As with any prescription, its essential to talk with your doctor about how a medication may interact with what you drink. Consuming alcoholic beverages while taking some diabetes medications can also cause some negative side effects while potentially inhibiting their effectiveness. Interactions may include:;

      • Mixing alcohol and insulin can intensify the medications effects on your blood sugar levels, causing severe low blood glucose levels. Combining the two can also interrupt insulins ability to help regulate blood sugar, causing it to rise to unhealthy levels.;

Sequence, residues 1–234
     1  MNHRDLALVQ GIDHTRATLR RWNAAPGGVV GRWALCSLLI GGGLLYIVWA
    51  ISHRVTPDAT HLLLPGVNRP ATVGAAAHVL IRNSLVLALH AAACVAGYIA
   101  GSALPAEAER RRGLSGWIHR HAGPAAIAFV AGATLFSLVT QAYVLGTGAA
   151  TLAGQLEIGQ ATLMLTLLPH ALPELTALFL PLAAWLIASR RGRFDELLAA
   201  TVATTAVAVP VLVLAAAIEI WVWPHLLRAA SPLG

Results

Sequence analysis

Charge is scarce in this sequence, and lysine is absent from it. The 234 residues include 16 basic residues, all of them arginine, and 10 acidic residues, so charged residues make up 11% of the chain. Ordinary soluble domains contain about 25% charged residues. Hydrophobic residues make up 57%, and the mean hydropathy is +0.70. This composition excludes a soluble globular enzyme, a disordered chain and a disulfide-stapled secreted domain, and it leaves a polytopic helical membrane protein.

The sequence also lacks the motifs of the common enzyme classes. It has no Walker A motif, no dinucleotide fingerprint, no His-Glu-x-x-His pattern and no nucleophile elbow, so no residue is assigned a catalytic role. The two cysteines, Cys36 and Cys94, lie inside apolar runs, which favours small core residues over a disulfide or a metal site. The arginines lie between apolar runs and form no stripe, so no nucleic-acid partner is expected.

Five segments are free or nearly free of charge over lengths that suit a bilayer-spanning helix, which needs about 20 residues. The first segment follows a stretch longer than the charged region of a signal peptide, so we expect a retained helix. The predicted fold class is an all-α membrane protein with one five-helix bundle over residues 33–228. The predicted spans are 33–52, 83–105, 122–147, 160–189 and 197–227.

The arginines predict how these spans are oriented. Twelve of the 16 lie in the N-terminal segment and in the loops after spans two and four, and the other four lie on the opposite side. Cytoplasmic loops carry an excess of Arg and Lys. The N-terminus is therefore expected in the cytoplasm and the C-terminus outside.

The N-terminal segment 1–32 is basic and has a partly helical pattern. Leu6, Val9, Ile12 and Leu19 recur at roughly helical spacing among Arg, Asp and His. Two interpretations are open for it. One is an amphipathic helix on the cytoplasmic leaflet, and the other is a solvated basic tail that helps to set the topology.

• Medications like sulfonylureas and meglitinides help lower blood sugar levels, but may intensify when combined with alcohol.
      • Metformin, when combined with heavy alcohol consumption, can increase the risk of lactic acidosis. While this disease is rare, it can be deadly if not treated properly.;;

      If you are taking any diabetes medications, remember to talk to your NWPC provider about potential risks and complications associated with drinking.;